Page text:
Sean Carroll claims that "there is clearly no way for the soul to survive death." Carroll makes this claim in a recent post on his blog Cosmic Variance. There is no reason to believe that Carroll is not a competent scientist, but he has now produced a pretty good reason why we might want to question his competence as a philosopher:
Claims that some form of consciousness persists after our bodies die and decay into their constituent atoms face one huge, insuperable obstacle: the laws of physics underlying everyday life are completely understood, and there’s no way within those laws to allow for the information stored in our brains to persist after we die. If you claim that some form of soul persists beyond death, what particles is that soul made of? What forces are holding it together? How does it interact with ordinary matter?These kinds of statements make me wonder what I would say if my plumber told me that the interior decoration scheme in my home was all wrong on the basis of his knowledge of pipes, or if my barber tried to explain how he had detected psychological problems with a previous customer based on what he knew about cutting hair.
Carroll is partly responding to Adam Frank, who thinks rightly that science can have nothing to say about the question of the immortality of the soul since there since it is not a scientific question, a position Carroll glibly compares to the position that we can't really know whether the moon is made of green cheese:
Adam claims that “simply is no controlled, experimental[ly] verifiable information” regarding life after death. By these standards, there is no controlled, experimentally verifiable information regarding whether the Moon is made of green cheese ... So maybe agnosticism on the green-cheese issue is warranted.There's just one minor difference here: the composition of the moon is an actual scientific question with a definite scientific answer--whether you have to tools to determine it now or not. It is exactly the kind of question science is designed to answer. Whether the soul is immortal is not. That Carroll thinks it is is a measure of his lack of understanding of the issue before him.
Once again, we have a scientist performing philosophy without a license, thinking that his scientific qualifications fit him for the task when they don't.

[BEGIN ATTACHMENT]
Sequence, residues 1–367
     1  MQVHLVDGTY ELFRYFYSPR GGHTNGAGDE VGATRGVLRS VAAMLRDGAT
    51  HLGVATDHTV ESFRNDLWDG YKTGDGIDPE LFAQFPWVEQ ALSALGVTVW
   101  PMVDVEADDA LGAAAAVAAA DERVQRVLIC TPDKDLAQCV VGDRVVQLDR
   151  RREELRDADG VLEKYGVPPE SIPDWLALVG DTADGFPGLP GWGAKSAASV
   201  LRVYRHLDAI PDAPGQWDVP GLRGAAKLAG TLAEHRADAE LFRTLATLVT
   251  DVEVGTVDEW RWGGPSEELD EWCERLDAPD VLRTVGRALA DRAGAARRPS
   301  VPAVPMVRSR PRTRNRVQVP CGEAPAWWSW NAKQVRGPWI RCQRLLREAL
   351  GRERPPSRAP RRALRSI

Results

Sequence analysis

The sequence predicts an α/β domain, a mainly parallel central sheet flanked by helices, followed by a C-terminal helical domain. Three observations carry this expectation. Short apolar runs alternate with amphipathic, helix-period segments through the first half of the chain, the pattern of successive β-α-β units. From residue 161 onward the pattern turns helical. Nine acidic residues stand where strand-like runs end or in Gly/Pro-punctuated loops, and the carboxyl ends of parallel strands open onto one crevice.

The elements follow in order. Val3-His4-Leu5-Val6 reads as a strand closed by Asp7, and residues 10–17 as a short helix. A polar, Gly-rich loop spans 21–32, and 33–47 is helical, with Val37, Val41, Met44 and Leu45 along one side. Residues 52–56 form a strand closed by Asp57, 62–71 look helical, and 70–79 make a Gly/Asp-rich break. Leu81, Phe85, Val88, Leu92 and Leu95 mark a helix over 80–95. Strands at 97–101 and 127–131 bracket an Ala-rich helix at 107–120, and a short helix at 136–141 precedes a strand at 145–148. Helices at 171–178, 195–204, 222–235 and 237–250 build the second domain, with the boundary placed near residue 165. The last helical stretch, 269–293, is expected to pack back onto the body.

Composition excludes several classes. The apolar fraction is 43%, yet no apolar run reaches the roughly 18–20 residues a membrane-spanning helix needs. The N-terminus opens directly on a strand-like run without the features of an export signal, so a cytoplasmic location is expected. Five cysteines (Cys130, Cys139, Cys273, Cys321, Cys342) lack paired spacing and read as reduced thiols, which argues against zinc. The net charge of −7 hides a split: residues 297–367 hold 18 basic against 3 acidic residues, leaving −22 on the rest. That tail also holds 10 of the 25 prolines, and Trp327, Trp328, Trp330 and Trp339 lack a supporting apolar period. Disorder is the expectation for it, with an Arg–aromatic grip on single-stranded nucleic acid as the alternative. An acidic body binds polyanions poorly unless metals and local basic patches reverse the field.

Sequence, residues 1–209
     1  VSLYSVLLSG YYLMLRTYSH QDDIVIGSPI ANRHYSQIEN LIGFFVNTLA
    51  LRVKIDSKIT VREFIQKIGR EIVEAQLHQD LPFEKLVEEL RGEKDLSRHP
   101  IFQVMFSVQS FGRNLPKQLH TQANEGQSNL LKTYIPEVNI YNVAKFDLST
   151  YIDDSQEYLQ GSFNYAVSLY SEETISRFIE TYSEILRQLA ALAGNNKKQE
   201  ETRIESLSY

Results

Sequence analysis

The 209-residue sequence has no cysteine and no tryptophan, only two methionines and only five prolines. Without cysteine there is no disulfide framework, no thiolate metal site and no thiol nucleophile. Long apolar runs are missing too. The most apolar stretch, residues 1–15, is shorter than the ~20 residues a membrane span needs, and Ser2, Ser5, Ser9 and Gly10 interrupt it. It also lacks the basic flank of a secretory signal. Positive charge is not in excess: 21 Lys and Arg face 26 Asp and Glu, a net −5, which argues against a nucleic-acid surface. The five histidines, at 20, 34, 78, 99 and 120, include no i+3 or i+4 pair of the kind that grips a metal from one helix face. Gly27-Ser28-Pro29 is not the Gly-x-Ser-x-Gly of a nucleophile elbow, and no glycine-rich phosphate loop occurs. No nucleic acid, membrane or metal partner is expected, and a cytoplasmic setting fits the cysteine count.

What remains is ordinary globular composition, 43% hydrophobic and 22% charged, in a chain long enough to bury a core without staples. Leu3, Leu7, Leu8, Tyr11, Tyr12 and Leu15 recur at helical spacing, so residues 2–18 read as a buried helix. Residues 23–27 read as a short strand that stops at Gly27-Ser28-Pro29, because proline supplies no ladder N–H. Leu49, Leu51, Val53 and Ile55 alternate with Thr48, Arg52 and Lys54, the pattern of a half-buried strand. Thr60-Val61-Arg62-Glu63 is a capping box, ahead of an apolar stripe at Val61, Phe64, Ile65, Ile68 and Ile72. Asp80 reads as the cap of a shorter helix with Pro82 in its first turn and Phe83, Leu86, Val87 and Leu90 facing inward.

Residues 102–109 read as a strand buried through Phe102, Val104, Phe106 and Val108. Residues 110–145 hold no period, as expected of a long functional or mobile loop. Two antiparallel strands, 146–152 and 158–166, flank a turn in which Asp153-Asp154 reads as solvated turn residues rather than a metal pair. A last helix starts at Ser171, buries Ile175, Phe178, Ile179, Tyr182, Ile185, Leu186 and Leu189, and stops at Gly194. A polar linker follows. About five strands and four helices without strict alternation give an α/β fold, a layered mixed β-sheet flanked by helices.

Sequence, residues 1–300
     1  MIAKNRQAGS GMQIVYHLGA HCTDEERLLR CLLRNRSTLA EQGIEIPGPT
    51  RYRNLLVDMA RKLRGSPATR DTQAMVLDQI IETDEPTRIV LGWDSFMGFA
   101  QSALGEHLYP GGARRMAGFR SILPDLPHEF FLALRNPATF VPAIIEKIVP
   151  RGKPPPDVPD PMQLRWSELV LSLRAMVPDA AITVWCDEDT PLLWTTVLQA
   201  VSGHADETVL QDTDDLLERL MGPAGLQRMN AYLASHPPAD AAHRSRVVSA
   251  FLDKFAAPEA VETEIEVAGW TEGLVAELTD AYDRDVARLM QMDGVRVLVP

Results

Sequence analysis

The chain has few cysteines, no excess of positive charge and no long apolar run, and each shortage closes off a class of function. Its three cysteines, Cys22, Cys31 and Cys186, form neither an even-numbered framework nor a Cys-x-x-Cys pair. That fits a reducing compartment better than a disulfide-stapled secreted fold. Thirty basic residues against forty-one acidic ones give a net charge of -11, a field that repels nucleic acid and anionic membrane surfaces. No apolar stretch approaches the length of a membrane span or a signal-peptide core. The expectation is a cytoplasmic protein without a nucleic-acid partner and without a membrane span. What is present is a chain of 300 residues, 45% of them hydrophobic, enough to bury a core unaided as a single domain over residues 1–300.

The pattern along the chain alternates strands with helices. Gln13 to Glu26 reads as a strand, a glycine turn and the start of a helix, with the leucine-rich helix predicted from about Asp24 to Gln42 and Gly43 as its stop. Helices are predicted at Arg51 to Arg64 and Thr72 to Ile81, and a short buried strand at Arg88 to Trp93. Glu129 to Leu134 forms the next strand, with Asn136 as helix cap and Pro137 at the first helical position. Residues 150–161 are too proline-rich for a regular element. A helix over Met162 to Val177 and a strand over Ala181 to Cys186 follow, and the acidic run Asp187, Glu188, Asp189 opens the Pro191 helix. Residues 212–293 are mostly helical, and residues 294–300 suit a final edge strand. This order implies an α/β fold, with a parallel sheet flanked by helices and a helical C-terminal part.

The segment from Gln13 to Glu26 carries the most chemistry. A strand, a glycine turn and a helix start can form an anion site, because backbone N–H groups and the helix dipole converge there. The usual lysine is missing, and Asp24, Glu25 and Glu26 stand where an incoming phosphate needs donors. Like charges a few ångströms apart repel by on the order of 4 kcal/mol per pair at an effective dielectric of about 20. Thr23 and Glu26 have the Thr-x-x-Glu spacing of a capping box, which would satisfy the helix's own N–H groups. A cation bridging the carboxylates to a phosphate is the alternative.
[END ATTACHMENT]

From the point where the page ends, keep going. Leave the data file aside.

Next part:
C. S. Lewis once noted that there is very little you could know about what was outside nature by what was inside nature:
"But science has shown that there's no such thing [something that exists outside nature]."Carroll's argument seems to run something like this:
"Really," said I. "Which of the sciences?"
"Oh, well, that's a matter of detail," said my friend. "I can't give you chapter and verse from memory."
"But don't you see," said I, "that science never could show anything of the sort?"
"Why on earth not?"
"Because science studies Nature. And the question is whether anything besides Nature exists--anything 'outside'. How could you find that out by studying simply Nature?"
No reality can exist that does not abide by the laws of physicsThat first premise is a doozy. No wonder he never states it outright in his argument. It simply lurks there in the background throughout the whole article unargued for, unanalyzed, and unacknowledged. How exactly does he know this? In fact, isn't this precisely one of the points at issue between scientific materialists like Carroll and religious thinkers?
A supernatural reality could not abide by the laws of physics
Therefore a supernatural reality cannot exist.
Why would we expect that the soul would retain information after we die? Why would anyone belief that it consists of particles? Why would we think there would be physical laws holding it together?
Why would anyone ask questions like this unless they were simply unaware that the question of the immortality of the soul is not a scientific question. I'm sure accountants have a hard time making accounting sense of Walt Whitman's Leaves of Grass. I imagine economists have some trouble making economic sense of Beethoven's Symphony Number 3 in E-flat Major. And I've got to believe that the Empire State Building is somewhat impervious to the analysis of a professional psychologist.